How do I get Divorced?

What is a Divorce?

In Australia, family law is based on a “no-fault” principle. This means that the only ground for divorce is an “irretrievable breakdown” of the marriage.

A divorce is the legal ending of a marriage. Even if you have been separated for years, your marital status can affect your legal rights. You also cannot remarry until you have obtained a divorce.

The granting of a divorce does not deal with your property settlement or parenting matters.

What are the Requirements to get a Divorce?

 Before your divorce can be finalised there are some conditions that must be met.

  1. You are able to prove that you are in a legally valid marriage. A copy of your marriage certificate is sufficient.
  2. Either you or your partner is an Australian citizen.
  3. You have resided in Australia for 12 months.
  4. You and your partner have separated for 12 months.

How to get a Divorce

 If you meet the above requirements then you will need to file an Application for Divorce in the Federal Circuit Court. You will need pay a filing fee to the registry (currently $865.00).

If you are a sole application then you will need to have the Application for Divorce served on your partner either personally or by post. You cannot serve your partner personally. Personal service must be through a process server or a third party.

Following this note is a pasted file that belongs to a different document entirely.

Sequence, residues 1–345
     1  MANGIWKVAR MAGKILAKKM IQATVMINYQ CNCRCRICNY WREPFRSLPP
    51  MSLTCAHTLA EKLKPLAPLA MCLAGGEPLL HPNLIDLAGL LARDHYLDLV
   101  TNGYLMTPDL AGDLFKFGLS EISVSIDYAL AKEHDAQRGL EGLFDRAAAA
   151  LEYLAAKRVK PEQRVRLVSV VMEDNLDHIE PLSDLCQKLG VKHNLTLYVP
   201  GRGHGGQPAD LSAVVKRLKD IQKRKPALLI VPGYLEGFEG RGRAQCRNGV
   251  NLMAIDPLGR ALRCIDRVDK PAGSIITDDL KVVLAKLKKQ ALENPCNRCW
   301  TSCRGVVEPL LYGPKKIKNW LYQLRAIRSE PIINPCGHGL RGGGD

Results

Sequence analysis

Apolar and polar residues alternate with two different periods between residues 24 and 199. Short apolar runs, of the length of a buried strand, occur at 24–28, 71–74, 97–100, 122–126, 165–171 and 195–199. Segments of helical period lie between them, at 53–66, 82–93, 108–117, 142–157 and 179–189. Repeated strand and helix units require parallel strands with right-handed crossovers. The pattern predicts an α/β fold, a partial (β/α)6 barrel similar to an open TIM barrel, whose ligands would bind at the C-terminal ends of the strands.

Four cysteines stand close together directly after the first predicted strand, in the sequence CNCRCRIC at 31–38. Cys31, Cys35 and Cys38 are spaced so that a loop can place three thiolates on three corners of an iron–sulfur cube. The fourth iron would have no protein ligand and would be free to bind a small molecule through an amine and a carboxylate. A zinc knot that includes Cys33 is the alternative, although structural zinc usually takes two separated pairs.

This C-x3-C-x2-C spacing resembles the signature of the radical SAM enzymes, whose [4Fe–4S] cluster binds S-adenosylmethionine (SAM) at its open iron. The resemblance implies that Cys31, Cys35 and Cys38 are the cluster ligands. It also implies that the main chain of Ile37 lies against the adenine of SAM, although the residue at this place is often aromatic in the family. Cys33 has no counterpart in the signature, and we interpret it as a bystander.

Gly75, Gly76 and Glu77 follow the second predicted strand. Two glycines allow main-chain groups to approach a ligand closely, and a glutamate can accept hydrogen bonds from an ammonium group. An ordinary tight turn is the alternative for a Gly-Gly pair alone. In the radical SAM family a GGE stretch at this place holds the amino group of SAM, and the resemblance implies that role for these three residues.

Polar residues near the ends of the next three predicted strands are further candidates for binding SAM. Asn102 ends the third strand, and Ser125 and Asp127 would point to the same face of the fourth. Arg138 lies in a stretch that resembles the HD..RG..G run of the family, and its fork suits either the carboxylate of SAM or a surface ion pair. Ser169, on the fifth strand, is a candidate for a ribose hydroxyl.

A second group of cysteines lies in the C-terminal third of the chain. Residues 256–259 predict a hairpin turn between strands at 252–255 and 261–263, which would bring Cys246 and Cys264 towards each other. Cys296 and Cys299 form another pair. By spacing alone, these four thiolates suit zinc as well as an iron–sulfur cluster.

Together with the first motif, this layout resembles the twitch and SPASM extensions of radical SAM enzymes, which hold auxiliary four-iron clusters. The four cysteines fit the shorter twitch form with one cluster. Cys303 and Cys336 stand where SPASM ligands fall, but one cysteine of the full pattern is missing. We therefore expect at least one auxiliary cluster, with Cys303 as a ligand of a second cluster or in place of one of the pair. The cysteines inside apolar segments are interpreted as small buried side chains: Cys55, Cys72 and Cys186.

If you are finding it difficult to serve the documents, the court, upon application, may order that service be undertaken by substituted service or they may order that service be dispensed with.

Do I have to attend the hearing?

If there are no children of the marriage aged under 18 years then you are not required to attend.

If you have made a sole application and there are children of the marriage aged under 18 years than the Applicant is required to attend the hearing.

If you have made a joint application and there are children of the marriage aged under 18 years than you are not required to attend.

Can my Divorce be opposed?

 As stated earlier, Australia has a “no-fault” principle for family law matters. Only under exceptional circumstances can a Divorce be opposed, such as;

  1. You have not been separated for 12 months.
  2. The Court does not have jurisdiction to grant a Divorce.
  3. The court is not satisfied that the appropriate arrangements are in place for the welfare of the children.

You can oppose a Divorce by filing a Response to Divorce. If you chose to do this, you will be asked to present a valid reason as to why you think the Divorce should not be granted (for example: you haven’t been separated for 12 months).

How can we help?

Divorce can be a stressful and emotional time and we understand that. We are experienced in Divorce applications and we can handle your matter at ease.

Contact us today to arrange an initial consultation to discuss your Divorce Application.